Parents, children and students alike grabbed nets and set out to catch monarchs this past Thursday at the DePauw Nature Park. The two-fold event was not only for goers to catch, tag and learn about monarchs, but also to celebrate the park achieving Gold Level Sustainable Trail Certification through the Indiana Wildlife Federation.
According to the Indiana Wildlife Federation website, the Certified Sustainable Trails program helps to encourage the development of trails into sustainable and prospering habitats that are easy to care for, offer benefits to trail users, and promote the conservation of local wildlife by connecting people with the environment. Now that the Nature Park has its gold certification, there is proof that efforts toward protecting the park have truly been worthwhile.
Malorie Imhoff, the director of the Center for Sustainability at DePauw University, said that the Nature Park received gold certification–– the highest honor–– after completing the Indiana Wildlife Federation’s application process. Imhoff shared the reason for the event is to “celebrate the good work that’s being done here and also do it in a way that’s educational and fun and informative.”
Upwards of 50 people came out to support the park’s efforts and learn more about conservation. Many children especially loved having the opportunity to catch and tag monarchs. Clara Everett (9) said, “Getting to go off the path to catch butterflies was fun. I’m normally not allowed to do that.” She talked about what it was like to catch a monarch and said, “when you see a butterfly, the excitement that gets in me. And when I catch it, when I try to catch it, it’s fun.”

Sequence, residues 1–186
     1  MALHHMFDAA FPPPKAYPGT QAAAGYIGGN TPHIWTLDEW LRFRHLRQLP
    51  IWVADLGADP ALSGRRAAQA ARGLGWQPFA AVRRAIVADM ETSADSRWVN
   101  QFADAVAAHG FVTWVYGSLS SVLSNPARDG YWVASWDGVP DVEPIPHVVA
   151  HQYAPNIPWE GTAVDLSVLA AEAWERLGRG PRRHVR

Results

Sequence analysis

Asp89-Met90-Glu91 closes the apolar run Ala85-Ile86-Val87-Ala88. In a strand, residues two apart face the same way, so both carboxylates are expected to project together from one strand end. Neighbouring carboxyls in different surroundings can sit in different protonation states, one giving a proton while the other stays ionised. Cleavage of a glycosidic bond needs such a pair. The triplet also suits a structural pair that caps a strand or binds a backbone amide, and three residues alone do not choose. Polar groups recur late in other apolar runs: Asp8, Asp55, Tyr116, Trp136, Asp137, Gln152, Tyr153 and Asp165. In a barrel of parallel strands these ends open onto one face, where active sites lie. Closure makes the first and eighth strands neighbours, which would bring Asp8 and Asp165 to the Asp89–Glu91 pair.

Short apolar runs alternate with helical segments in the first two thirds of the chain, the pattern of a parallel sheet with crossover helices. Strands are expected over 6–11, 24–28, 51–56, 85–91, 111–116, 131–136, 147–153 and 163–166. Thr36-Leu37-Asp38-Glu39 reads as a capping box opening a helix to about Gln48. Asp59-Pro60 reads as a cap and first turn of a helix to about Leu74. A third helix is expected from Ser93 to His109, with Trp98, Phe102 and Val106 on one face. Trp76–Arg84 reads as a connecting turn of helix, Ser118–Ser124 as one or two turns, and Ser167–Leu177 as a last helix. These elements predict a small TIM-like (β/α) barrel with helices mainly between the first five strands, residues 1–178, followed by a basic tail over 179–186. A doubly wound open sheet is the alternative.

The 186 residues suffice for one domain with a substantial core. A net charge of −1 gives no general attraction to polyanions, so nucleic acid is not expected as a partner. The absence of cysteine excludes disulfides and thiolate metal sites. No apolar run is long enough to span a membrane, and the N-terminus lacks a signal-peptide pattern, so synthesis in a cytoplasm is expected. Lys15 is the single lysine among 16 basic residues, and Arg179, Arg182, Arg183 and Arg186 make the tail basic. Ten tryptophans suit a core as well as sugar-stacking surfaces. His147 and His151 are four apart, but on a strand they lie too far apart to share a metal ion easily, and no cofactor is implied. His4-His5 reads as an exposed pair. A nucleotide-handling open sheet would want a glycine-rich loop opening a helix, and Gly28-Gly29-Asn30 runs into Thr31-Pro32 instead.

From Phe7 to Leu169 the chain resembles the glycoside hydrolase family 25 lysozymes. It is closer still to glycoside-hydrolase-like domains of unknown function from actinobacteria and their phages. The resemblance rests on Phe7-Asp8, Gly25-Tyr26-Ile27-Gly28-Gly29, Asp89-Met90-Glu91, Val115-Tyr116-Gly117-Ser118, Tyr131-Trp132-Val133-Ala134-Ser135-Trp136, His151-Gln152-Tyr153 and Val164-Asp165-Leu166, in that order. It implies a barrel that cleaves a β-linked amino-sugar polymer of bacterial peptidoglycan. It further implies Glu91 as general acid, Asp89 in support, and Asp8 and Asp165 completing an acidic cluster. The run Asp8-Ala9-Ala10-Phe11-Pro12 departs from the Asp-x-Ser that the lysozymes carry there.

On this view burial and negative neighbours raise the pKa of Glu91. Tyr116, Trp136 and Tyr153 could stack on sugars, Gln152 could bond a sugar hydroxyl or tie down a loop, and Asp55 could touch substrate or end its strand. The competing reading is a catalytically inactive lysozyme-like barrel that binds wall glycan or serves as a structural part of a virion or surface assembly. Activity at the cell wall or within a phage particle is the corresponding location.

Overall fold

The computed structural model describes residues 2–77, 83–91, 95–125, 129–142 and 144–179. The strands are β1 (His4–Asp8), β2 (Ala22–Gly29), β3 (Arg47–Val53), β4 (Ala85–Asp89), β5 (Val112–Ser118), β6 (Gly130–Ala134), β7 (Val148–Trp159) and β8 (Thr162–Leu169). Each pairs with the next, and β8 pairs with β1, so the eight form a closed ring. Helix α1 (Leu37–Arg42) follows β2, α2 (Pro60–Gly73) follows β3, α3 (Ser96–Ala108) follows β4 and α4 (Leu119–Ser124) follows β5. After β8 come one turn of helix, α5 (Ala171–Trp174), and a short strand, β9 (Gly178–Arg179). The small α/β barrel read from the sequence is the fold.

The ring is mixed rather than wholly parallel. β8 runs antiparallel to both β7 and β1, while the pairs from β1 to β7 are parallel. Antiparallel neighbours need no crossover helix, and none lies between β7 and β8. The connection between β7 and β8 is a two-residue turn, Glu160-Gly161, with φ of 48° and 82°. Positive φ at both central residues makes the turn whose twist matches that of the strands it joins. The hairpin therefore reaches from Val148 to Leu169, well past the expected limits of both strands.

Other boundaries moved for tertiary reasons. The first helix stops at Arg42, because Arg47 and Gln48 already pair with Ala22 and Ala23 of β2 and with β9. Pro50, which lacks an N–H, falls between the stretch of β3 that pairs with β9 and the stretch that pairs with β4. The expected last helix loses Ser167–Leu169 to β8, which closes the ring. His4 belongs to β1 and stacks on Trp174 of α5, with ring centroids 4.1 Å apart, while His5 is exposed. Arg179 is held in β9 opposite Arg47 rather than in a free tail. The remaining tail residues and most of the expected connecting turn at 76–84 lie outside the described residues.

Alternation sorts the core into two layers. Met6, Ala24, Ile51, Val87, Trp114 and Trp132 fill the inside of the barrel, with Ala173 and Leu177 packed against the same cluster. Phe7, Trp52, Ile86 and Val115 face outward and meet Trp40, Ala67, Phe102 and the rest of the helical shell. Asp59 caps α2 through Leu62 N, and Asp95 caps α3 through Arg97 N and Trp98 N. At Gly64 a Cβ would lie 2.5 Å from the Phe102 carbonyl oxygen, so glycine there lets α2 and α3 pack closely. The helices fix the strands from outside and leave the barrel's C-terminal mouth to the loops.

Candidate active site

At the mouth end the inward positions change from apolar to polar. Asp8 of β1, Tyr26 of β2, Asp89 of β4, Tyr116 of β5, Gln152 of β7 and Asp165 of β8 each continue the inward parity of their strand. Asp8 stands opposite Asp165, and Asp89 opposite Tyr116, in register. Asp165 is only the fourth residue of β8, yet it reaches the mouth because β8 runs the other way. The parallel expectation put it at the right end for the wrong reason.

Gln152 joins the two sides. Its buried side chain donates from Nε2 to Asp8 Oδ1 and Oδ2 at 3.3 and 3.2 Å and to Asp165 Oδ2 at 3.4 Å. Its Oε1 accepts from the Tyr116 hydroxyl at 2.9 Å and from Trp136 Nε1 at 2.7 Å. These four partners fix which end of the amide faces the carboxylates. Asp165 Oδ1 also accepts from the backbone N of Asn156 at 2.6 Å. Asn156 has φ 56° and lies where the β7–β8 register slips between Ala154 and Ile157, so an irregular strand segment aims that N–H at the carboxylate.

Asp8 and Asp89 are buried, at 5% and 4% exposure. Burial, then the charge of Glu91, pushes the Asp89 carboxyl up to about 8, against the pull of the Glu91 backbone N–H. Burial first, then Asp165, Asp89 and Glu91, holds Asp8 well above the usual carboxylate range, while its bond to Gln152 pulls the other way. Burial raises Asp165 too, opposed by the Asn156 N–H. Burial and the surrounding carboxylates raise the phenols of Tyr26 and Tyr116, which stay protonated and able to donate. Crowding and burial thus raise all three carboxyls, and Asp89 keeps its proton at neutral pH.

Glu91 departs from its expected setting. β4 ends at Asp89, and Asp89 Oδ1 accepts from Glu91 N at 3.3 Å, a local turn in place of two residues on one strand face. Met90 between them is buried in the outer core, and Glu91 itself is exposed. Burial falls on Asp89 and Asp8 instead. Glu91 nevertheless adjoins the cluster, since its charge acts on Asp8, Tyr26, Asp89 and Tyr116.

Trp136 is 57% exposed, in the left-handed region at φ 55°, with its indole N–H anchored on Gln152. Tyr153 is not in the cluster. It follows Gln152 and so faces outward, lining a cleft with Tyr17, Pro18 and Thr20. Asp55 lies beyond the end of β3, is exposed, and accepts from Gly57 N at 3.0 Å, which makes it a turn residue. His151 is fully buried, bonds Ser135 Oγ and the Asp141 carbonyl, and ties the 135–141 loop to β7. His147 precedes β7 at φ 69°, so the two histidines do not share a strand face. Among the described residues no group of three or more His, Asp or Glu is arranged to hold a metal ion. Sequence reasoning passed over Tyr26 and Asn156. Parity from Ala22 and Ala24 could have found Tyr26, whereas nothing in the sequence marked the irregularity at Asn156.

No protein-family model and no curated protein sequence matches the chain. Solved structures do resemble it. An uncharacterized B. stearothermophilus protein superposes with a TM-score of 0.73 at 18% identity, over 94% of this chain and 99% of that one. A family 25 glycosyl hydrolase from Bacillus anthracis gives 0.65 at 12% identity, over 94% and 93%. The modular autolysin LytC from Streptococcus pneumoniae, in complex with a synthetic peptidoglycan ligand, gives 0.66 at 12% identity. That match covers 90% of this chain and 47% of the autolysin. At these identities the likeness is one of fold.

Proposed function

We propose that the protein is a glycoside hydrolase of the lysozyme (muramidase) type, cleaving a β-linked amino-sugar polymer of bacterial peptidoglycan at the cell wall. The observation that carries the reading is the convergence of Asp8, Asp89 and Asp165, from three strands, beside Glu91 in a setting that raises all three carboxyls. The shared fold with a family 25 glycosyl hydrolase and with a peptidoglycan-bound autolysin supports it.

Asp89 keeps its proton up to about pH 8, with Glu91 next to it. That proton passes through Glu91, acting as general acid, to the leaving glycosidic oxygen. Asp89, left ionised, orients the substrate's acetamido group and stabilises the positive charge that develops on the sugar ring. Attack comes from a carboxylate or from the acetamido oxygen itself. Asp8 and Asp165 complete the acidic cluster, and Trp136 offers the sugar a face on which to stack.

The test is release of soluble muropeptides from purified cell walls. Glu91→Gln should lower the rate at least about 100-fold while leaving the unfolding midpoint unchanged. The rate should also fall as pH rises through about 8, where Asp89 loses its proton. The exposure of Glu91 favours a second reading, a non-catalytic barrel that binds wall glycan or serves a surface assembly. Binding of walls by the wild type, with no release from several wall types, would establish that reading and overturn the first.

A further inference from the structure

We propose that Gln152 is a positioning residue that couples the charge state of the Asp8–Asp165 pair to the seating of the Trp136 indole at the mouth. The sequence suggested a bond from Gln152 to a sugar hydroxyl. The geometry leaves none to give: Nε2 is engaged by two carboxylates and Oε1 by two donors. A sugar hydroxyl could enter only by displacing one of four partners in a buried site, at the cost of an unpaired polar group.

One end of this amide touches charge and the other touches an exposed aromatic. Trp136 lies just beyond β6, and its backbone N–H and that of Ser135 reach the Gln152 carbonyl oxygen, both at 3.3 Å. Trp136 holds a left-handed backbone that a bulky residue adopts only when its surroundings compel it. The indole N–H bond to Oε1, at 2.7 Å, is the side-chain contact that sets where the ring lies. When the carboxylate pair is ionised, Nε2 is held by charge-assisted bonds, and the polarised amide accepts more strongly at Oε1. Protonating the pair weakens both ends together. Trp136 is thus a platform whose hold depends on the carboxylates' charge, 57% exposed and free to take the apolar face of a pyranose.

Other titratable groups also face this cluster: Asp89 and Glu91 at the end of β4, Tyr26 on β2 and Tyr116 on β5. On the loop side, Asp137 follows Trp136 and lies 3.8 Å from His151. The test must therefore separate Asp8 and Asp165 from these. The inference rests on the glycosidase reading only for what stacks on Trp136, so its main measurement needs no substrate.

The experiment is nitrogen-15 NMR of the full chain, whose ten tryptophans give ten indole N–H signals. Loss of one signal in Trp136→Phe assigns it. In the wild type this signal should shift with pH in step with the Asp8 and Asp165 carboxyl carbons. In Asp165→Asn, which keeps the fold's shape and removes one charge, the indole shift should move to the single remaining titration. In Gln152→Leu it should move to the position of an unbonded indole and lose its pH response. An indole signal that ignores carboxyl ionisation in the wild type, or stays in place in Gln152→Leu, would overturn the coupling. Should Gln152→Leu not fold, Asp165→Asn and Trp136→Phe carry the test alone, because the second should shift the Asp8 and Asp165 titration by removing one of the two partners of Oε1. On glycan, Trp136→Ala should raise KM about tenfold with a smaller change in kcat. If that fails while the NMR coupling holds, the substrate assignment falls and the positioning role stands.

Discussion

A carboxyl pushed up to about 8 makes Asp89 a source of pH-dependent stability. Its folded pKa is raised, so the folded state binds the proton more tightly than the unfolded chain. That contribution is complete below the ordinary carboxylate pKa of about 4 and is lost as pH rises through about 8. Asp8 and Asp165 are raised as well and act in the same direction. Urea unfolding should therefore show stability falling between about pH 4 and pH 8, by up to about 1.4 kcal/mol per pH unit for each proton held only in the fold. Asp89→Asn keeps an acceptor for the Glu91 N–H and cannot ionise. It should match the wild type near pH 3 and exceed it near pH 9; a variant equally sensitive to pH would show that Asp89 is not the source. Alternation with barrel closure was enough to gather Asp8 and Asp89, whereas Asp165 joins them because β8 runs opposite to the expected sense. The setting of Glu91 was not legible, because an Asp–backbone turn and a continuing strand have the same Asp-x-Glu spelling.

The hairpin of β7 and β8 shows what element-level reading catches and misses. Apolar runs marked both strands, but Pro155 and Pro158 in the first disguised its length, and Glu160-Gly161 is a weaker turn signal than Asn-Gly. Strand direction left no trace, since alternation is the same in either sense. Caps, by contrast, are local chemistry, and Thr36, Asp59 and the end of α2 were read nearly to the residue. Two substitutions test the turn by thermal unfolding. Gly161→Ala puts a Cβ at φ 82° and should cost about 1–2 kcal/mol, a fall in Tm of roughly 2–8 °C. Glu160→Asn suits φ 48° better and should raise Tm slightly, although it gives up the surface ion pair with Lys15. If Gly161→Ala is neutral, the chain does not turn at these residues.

Besides catching and tagging butterflies, event goers could dress up in monarch butterfly and caterpillar costumes. DePauw sophomore Laura Spasske had a great time getting to try on the costumes. “I put on the caterpillar suit, highlight of my day,” said Spasske. Guests could also take pictures in front of a giant monarch caterpillar backdrop (with or without a colorful costume on).
And if there were not already enough monarchs for everyone to enjoy, there was even a monarch temporary tattoo station. By the end of the event, monarchs–– and matching tattoos–– could be seen all around the park.
A small stand featuring a bright and colorful assortment of peppers and gourds from DePauw’s Ullem campus farm were available for anyone to take at no cost. Imhoff also oversees the campus farm, and believes food is another great way to connect people to the environment. “I think the environment just connects so many things that people care about. I mean everyone loves being outside. Everyone eats food. It’s a way that connects to every single person,” said Imhoff.
Spasske commented that the park’s recent gold certification is a wonderful achievement. “It’s such a great experience just to be able to come out here, take a walk, run, or do events like these because it really connects us with the world around us,” said Spasske.
First-year student Hayden Turitto, said that she was glad to see “how close knit the Nature Park is with DePauw. It kind of made me realize that there are other things to do on campus and to see around.”
Imhoff encourages everyone to spend time outdoors and enjoy nature. Whether that means taking a walk through the Nature Park or riding a bike around campus, people should “get outside and enjoy what’s around us.”